TOOTHY PTEROSAUR HAD WINGSPAN OF 23 FEET

                       11 dinosaur feathers captured in amber

from Discovery News and Global and Mail, September 15, 2011, Alberta, Canada     Study to be published in Cretaceous Research this April

David Martill of England’s University of Portsmouth’s Palaeobiology Research Group and his colleague, David Unwin of University of Leicester puzzled out the significance of a fragmentary fossil from the collection of London’s Natural History Museum.

After examinations, the two scientists ascertained the import of their study:  they’d identified Coloborhynchus capito, the largest pterosaur (Greek, winged-lizard) yet known to exist.

“The first two teeth of each jaw projected forwards and may have been 3 inches long, and the two teeth behind it would have been a bit longer at 4 inches,” said co-author of the study, Martill.  “Together (the teeth) formed a sort of rosette that interlocked when the jaws were closed.”  He believes the teeth may have been used for catching fish or in “threatening displays.”

The toothy skull portion had been unearthed from the Cretaceous Cambridge Greensand of eastern England and had lived about 100,000,000 years ago during the Albian stage, when Cambridge was under the sea in a tropical climate.  Along with the large dinosaurs, the pterosaurs became extinct about 65,500,000 years ago.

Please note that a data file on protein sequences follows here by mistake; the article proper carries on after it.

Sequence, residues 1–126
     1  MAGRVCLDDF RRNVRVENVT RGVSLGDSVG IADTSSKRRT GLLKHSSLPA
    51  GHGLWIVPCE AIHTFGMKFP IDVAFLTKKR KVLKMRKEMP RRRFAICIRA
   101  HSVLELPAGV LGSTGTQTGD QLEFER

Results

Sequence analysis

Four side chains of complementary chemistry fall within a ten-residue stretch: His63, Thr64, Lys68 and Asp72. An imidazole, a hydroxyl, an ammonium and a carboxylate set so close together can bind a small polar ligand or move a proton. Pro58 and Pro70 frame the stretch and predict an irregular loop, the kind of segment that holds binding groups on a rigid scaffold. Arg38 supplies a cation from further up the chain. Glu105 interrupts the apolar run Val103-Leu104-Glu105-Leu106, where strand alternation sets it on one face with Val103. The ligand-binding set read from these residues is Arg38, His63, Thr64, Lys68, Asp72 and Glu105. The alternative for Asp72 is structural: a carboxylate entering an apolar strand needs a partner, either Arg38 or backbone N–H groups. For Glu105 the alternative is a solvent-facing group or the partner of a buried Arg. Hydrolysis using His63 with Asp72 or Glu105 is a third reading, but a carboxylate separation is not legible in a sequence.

Martill believes there might have been a low island to the south during the Albion stage, where London is found today.  Based on other fossil finds, the region was teaming with life—fish, ichthyosaurs, plesiosaurs, crocodiles, turtles, dinosaurs (including prehistoric birds) and different types of pterosaurs, among them Quetzalcoatlus, which had a wingspan of 32 feet.

Though fossilized skeletal remains indicated huge prehistoric creatures with wings, for quite some time scientists couldn’t figure out how anything that large could have flown.  A recent theory suggests that the big guys lifted off with wings closed, using their powerful arm and leg muscles to get themselves airborne before opening their wings.

Not quite “leapin’ lizards,” but certainly pole-vaulting lizards.

Pterosaurs were “cousins” to dinosaurs and have no modern-day descendants.  We’re pretty familiar with the dinosaurs’ descendants.  We daily see them flying or hopping or hear them warbling or quacking or honking or chirping.

In fact, this very day many of us may enjoy some Kentucky Fried Dino.

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